(1x2) + (2x3) + (3x4) + … + n(n + 1)  =  n(n +1)(n +2)/3.                     

       (vi) Prove that if n is an integer  and n3 + 5 is odd, then n is even using:

                        (a) indirect proof         (b) proof by contradiction.   

3) Linear Algebra:

I) Show that the matrix M =

(1 + i.....2)

is not Hermitian

ii) Determine whether the matrix Y =

(1.....(1+ 1i).......5)
((1- i).......2... ...i)

is Hermitian or not.

iii) Determine whether the matrix, X =


is unitary or not.

iv) Let A and B be 2 x 2 Hermitian matrices. Show that (A + B) is Hermitian.

4) Analytic Geometry:

Two ellipses are graphed on the same axes as shown below:
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Obtain the analytic equation for each ellipse, and in particular, show how they are related to one another.

5) Calculus:

i) Find the residue for f(z) =  3 exp (z)/  z 4

ii) Find all the residues at those singular points inside the circle  ÷ z  ÷     =    2  

For:  f(z) =   z 2    / ( z 4  - 1)

iii) -¥  ¥  (1 + x2 )  dx / 1 + x4     =   ?

iv)  -¥  ¥    x  dx / (x2   - 2x + 2)  =  ?

6) Differential equations:

i)  100 gallon tank is full of pure water. Let pure water run into the tank at the rate of 2 gals/ min. and a brine solution containing 1/2 lb. of salt run in at the rate of 2 gals/min. The mixture flows out of the tank through an outlet tube at the rate of 4 gals/min. Assuming perfect mixing, what is the amount of salt in the tank after t minutes?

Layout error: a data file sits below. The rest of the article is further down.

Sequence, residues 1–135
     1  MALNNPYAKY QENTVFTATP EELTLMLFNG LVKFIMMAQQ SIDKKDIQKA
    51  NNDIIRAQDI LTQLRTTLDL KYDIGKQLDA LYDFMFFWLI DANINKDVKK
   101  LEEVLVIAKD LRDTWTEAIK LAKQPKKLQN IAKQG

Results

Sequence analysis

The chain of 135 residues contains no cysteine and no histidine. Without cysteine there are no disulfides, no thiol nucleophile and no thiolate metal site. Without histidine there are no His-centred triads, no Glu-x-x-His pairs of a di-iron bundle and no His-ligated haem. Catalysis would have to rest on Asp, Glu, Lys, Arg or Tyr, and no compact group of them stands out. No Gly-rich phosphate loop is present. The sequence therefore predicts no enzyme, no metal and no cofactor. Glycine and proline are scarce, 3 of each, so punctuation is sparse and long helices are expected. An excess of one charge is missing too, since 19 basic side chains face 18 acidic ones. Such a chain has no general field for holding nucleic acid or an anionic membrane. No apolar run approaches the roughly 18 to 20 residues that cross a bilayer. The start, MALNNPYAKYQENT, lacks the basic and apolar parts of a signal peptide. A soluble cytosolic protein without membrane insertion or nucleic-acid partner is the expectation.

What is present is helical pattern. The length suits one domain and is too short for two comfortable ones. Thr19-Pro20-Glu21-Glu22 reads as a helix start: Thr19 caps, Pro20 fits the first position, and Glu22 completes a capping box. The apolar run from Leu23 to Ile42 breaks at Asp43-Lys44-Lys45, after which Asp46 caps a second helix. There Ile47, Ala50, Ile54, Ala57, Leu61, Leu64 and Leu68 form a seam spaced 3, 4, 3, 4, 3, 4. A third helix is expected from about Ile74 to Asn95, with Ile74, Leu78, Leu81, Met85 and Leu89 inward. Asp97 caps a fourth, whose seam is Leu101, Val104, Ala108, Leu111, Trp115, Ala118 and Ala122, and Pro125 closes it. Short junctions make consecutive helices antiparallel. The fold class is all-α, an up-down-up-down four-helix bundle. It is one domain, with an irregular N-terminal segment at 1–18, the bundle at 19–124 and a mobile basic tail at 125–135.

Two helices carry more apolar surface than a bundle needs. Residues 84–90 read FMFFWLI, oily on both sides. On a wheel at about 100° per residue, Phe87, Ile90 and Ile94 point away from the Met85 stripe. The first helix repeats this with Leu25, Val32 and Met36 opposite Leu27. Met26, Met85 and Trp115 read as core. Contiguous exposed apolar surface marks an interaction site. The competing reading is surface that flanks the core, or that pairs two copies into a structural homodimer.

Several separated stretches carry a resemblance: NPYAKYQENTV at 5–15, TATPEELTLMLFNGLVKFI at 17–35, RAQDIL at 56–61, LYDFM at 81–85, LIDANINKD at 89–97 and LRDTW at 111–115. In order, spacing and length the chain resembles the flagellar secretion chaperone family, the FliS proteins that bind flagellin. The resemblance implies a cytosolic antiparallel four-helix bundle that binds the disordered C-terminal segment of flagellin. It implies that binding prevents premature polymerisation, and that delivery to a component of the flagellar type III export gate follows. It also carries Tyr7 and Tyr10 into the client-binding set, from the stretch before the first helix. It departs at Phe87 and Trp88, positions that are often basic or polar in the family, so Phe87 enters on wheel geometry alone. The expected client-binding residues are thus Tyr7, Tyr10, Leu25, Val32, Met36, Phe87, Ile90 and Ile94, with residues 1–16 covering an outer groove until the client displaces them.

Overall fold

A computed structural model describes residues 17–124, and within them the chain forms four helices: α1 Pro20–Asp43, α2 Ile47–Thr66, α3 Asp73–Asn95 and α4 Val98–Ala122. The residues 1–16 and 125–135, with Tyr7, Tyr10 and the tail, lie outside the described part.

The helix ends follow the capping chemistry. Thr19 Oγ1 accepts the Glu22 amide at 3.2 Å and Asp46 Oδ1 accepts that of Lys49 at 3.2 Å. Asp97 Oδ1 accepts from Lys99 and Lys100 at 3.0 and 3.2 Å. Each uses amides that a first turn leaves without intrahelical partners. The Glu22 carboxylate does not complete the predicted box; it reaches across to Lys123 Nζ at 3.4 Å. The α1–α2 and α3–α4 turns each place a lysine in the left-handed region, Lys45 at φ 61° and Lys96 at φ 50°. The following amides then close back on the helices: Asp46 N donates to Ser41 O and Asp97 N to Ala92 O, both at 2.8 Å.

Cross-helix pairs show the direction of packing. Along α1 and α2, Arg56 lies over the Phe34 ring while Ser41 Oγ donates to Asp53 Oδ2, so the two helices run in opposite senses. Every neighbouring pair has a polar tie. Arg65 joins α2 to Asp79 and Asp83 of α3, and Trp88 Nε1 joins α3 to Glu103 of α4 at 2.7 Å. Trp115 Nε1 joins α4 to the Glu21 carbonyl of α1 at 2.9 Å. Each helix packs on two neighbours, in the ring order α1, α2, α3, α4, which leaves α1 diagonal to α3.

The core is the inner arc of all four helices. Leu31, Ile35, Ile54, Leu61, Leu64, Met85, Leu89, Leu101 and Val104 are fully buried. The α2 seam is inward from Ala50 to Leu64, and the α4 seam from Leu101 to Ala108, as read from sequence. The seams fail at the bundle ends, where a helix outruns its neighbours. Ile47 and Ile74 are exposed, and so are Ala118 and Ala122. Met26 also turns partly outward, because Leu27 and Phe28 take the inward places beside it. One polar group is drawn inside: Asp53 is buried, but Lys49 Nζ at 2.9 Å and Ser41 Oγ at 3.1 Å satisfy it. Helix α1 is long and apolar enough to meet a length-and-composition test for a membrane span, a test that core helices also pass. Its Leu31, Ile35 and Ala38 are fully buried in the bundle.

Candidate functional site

ii) A block of mass m = 2.0 kg rests on a smooth horizontal surface attached to a spring. The spring has the property that it is stretched 0.05 m by a force of 10 N. If the block is displaced 0.05 m from the equilibrium position and released, find: the frequency and period of the motion.

iii) Consider the diagram of a rocket's trajectory shown below:

Where the launch angle is denoted qo, and the final x, y- coordinates (e.g. at impact) are shown as the terminal point of the path.

Use appropriate differential equations to find the  x- and y-coordinates of the terminal point on the trajectory for a rocket launched at an angle of 80 degrees with an initial velocity of 100,000 f/s if the air resistance is 0.01mv. Also find the value of x and y after 10 seconds.

Note: The layout for such active math learning was generally in a lab setting using tables at which students could work collaboratively, with me and at least one assistant in attendance to provide insights if needed.  Generally, the students (based in Barbados) were able to work through each numbered set or problem in one hour or less. After, there was time for discussion - given a 90 minute total class time - with followup inquiry problems to be worked out.

The same layout can also be used to conduct Math Olympiads, with three or four student teams competing against each other. Many other permutations on active learning are discussed in the AMS Notices article, and ought to provide lecturers much room for more fully engaging their students.